Consequence Analysis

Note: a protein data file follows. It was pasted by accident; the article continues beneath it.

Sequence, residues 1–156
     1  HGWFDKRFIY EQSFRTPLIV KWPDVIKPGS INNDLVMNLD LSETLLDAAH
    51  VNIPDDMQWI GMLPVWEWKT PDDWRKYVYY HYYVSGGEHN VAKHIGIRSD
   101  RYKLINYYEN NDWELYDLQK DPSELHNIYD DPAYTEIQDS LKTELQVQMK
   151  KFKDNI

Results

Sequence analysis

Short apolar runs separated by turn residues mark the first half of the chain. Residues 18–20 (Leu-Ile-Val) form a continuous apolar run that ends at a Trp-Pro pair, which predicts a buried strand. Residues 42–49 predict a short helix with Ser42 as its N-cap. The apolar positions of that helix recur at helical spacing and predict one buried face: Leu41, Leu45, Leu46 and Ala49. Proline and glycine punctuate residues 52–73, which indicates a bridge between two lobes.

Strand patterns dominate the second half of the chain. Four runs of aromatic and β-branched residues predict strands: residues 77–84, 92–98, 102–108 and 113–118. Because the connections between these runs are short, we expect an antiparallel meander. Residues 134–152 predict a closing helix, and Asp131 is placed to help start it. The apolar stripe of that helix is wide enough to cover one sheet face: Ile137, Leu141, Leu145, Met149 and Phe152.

As far as possible, the likely consequences of a response to a safety concern should be considered before the action is undertaken. Input should be sought from experts in communication science, patient groups, practising health professionals and others when trying to predict consequences. This knowledge should guide choices between the options for action available. For example, a consequence analysis should be planned before a warning about a drug is given out or the drug is taken off the market. This analysis should be in two parts: an early investigation designed to ensure that the expected effect was achieved, so that a correction or reinforcement can be applied as necessary, and a later evaluation to ensure that a positive response is maintained. The UMC has previously looked at the way in which the signals it produces have been used in national centres (Edwards and Fucik, 1996).

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